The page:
As a student, faculty member, alumni or a family member of someone at Eastern Michigan University, you bring a lot to the table. You have experiences, knowledge and lessons that you have to offer to teach other people. Likewise, other people have their own lessons to teach you. TEDxEMU is an opportunity to create an environment to share these lessons.
TEDxEMU will take place at Quirk Theatre Friday, Mar. 13 from 8 a.m. to 5 p.m. The event will be hosting students, faculty and alumni who choose to share 5-15 minute long presentations on topics ranging from technology, entertainment and design. TEDx is not limited to just these three areas, as it incorporates the goal of globally sharing any and all ideas.
In a world with Facebook, Reddit and Tumblr, TEDxEMU doesn’t seem
all that inventive of a concept. To be perfectly honest, TEDxEMU sounds like many other events hosted on campus.
The only thing that might strike you as impressive about TEDxEMU is the giant banner hanging in the EMU Student Center. Yet it is the podcast length of the different speeches, the range of ideas covered in a condensed amount of time and the encouragement to use your own creativity to come up with ideas that makes TEDxEMU an unique experience.
Orlando Bailey, the final presenter in TEDxEMU 2012, said, “It was unlike anything I’ve ever seen before. I remember every minute of it, even though it was an all-day event. I felt privileged to be there.”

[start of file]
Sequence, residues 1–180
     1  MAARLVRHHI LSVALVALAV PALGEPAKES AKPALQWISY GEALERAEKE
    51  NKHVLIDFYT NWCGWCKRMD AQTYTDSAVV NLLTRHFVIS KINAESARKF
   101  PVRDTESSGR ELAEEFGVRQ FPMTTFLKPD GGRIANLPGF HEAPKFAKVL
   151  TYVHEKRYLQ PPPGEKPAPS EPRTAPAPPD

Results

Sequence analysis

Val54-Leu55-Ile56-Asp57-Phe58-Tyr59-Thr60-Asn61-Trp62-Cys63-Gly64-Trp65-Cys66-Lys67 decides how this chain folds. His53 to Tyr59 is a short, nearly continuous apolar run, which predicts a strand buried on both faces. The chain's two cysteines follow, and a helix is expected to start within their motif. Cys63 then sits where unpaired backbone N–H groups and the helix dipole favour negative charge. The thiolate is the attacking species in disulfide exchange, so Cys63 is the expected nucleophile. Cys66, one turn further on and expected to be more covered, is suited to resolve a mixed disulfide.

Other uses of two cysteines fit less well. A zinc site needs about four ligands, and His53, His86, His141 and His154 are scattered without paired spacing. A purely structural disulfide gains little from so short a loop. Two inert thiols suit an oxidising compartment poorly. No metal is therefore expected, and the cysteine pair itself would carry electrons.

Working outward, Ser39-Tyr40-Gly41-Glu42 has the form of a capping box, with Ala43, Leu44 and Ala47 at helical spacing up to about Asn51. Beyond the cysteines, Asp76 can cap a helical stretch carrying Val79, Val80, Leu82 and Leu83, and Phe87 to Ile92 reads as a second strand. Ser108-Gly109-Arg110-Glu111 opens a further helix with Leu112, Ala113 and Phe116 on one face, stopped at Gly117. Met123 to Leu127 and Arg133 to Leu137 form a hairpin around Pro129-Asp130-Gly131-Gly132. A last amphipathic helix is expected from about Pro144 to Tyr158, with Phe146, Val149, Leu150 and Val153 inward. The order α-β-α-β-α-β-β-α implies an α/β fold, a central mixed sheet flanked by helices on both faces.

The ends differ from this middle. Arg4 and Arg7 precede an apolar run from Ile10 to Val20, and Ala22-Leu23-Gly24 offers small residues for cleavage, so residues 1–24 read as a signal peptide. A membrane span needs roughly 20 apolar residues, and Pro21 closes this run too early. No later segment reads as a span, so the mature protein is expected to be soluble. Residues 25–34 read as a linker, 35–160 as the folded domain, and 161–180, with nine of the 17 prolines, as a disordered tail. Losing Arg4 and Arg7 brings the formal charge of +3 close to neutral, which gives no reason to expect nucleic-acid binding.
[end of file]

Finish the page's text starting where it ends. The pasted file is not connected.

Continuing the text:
Go to YouTube and type in “TED talks.” Immediately, you will discover page after page of people sharing ideas, stories and concepts. You have opportunities to learn about spoken word poetry from Sarah Kay, women leaders such as Sheryl Sandberg and laugh to funny thoughts regarding school and creativity by Sir Ken Robinson.
TEDx has had talks covering virtually every topic, and does so by the people who consider themselves experts in the ideas they share.
“What TED celebrates is the gift of the human imagination,” Robinson said.
TEDx has been spreading ideas about creativity since 1984. The three-letter acronym, TED, stands for technology, entertainment and design. During the group’s main conferences, they focus on the idea of looking at the big picture.
As the TED website said, “Every so often it makes sense to emerge from the trenches we dig for a living and ascend to a 30,000-foot view, where we see, to our astonishment, an intricately interconnected whole.”
While TED hosts a yearly global conference, TEDx allows for communities to host their own TED programs on a smaller scale. This is the second time EMU has hosted this program, the first time being March 9, 2012. In 2012, EMU brought forth Aijalon McLittle, Orlando Bailey and Patrick Seick, as well as others, to share their stories and experiences.
Heather Neff, a professor at EMU and one of the presenters last year, said, “I really want it to be clear that we need to keep this going. EMU TEDx makes EMU part of a global conversation.”
With that, Gregg Costanzo is overseeing EMU’s 2013 TEDx event.
Costanzo welcomes students to get involved and share their ideas and stories. Presentations must be well prepared, thoughtful and engaging.
Those interested in attending TEDxEMU should be ready to commit for the full nine hours, and can apply to attend between Feb. 1 and 15 through the website.
Just because you didn’t make the Jan. 31 deadline to submit an idea to present at TEDxEMU doesn’t mean you cannot share your ideas.
TEDxEMU has a Google Moderator page linked from their website. The page allows the EMU community to share their ideas, specifically regarding the future of EMU and the TEDxEMU events.
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